Technology is proving to be something of a double edged sword for the big hotel chains.
On the one hand it’s helping them to engage with guests through easily scalable and cost-effective initiatives and drive loyalty in new ways. Apps and interfaces allow integration with other relevant products and service providers, and encourage customer engagement through multiple touchpoints.
On the other hand, rapidly evolving technology is fueling fierce competition from online travel agencies.
Nevertheless, “employing tech is one of the best ways to drive loyalty for hotel chains,” says Dale Nix, Hospitality Consultant at Avenue9, part of JLL Group. Indeed, many of the big players, including Hilton, Hyatt, Marriott and Starwood (the latter two are expected to merge later this year) have recently revamped their loyalty programs, driven by digital opportunities, as well as a desire to encourage direct bookings.
The direct-booking push, as manifest in member discounts and other perks, is a reaction to the increasing dominance of online travel agency (OTA) giants like Expedia and Booking.com. In an attempt to wrest back control of their revenue stream, hotel chains have begun offering the lowest rates to members who book directly.
Starwood Hotels and Resorts led the way with exclusive discounted rates and free wifi when booking direct. Marriott’s Rewards members now receive lower rates when booking direct, and also benefit from free wifi, mobile check-in, and an option to earn points or discounts when reserving their room on the chain’s website. Likewise, Hilton has introduced discounted rates and online check-in for HHonors members, as well as the existing points program.
Discounts and points alone, however, can be problematic. “Offering points is about buying loyalty,” says Nix. “I define loyalty as an emotive response to a brand. Take Jimmy Choo shoes: You don’t buy a pair because they’re on offer. You buy them because you identify emotionally with the brand. That’s loyalty. By offering discounts, hotels can end up cannibalizing their rate.”
The battle for hearts and minds
Luring new members with discounted rates is one thing; engendering enduring loyalty is quite another. “The trouble with points schemes is that you end up commoditizing your product,” says Nix. “There’s not much you can do to separate your own brand identity from any other. I see that happening now with hotels: It’s the same path that the airlines went down a few years ago.”
For the hotels’ part, many are taking a multi-pronged approach to loyalty. “There’s no question that our focus and everyone’s focus seems to be to further enhance and develop the relationships that we have with our own customers,” says president and CEO of Hyatt Hotels, Mark Hoplamazian, in an April interview with Skift. “Increasingly we are rethinking loyalty in a very, very broad way. Not just the program but also what it means to actually extend the sense of our brand and our purpose to those interactions with our guests…” he adds.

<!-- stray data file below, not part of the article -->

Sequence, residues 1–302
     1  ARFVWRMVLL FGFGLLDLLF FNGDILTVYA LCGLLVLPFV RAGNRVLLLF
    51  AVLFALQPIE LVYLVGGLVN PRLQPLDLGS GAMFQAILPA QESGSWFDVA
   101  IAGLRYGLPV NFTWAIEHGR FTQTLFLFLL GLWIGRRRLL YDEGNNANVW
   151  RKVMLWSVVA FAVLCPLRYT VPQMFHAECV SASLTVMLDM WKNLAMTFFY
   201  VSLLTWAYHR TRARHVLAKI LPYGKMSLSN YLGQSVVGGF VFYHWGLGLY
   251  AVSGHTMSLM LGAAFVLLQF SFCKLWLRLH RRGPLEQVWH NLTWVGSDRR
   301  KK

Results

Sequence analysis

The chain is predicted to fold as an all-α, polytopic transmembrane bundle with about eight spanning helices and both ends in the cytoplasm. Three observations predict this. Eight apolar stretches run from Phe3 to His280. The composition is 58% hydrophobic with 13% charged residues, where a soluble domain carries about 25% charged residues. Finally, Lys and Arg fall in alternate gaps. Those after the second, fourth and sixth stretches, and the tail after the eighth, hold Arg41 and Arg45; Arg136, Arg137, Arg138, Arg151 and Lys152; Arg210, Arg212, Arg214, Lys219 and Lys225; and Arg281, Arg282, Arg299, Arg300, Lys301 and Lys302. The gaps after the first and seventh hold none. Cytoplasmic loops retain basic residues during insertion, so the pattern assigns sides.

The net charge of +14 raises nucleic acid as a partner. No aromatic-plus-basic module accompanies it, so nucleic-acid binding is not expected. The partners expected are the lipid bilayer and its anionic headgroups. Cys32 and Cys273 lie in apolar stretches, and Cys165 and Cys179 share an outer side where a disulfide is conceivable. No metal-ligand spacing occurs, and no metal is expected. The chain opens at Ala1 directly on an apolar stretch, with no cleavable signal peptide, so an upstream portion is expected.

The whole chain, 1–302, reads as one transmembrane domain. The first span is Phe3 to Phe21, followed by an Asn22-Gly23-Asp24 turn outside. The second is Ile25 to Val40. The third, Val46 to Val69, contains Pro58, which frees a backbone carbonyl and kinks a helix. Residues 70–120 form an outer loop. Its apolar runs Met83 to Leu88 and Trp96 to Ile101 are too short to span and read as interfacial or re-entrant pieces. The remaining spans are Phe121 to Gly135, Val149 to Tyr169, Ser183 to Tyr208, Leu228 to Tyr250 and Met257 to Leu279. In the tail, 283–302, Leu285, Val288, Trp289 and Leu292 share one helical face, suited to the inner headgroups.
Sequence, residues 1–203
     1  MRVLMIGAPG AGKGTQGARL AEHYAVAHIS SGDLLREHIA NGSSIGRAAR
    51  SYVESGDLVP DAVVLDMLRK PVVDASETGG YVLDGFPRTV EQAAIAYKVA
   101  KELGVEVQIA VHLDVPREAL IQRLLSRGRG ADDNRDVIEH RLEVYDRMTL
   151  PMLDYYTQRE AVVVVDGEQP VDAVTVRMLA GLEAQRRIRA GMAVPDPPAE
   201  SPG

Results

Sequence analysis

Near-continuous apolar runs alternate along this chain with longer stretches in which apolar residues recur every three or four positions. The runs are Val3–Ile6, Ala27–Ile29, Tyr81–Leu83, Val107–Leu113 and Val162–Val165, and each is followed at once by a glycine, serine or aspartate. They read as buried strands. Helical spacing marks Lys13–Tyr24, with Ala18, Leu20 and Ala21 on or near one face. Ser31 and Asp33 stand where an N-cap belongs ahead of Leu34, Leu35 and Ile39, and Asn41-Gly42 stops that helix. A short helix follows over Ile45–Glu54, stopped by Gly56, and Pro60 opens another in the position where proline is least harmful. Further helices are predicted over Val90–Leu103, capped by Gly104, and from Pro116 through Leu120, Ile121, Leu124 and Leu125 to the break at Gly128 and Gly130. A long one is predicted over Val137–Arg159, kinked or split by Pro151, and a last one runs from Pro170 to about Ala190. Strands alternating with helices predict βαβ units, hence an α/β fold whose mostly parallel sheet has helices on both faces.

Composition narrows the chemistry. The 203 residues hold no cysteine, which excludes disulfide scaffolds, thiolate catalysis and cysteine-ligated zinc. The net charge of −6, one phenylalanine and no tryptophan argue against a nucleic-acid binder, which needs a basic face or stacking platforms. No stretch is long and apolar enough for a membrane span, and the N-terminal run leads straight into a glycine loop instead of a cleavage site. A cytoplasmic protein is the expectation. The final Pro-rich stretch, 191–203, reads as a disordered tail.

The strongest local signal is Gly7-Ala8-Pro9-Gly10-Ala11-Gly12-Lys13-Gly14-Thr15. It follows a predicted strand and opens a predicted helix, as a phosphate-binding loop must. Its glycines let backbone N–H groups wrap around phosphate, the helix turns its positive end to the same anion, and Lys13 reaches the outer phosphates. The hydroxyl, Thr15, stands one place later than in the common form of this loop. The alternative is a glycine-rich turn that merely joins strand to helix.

Online check-in and other such exclusive member benefits are only the tip of the iceberg. Access to curated experiences has become the norm among big hotel chains, as the wider travel industry shifts its focus from products to experiences.
Hilton has approached the points vs loyalty dilemma by allowing members to redeem points on exclusive experiences under their @Play banner. Current opportunities include a sumo lesson and seats to view the grand tournament for visitors to Tokyo, and a private concert by indie band JR JR at the Hilton Toronto. Such a memorable experience can create lasting emotional connections to a brand, and serve to foster a sense of loyalty that goes much deeper than a discount.
Branded experiences are also offered by the likes of Marriott (including Ritz-Carlton), which has introduced more exclusive features for its members. Its “experiences marketplace”, a lot like Hilton’s @Play platform, lets members bid on intimate or immersive experiences like cooking classes and in-room music gigs. Additionally, Gold, Platinum and Elite members receive that most coveted of amenities: Guaranteed late checkout until 4pm.
In a related moves pillared by tech integration, Intercontinental, Starwood and Hilton have all partnered with Uber, variously amalgamating app functionality, encouraging cross sales, and points accumulation opportunities—all available exclusively to loyalty program members, of course.
Big Data, big opportunities
To create a truly personalized guest experience, hotels need to collect as much information as possible about each individual. “One of the things that loyalty can do, and how technology helps, is that we’re able to gather the finer details about our guests,” says Nix. “If you encourage guests to use the loyalty program at every touchpoint, you start getting a really good picture of the buying habits of your customer, such as recency, frequency and value of the spend, and the portion of the customer’s wallet that each of these entities are getting.”
At present, the biggest challenge is processing all the data and turning it into actionable steps. It may be a work in progress but as emerging technology become mainstream, the opportunity to convert data into truly tangible value will be employed by savvy hotel brands, to everyone’s benefit, says Nix.
Not only can hotels use big data to identify and target their model customer—that is, the guest who provides highest value, but also provide guests with better service.
“Guests look for personalization, recognition and status,” concludes Nix. “We can provide those things at very little cost if we get it right. It’s about creating that seamless guest journey, from booking, to staying, to paying and beyond. We have to make it easy for the guest to say yes—and it doesn’t have to be through points.”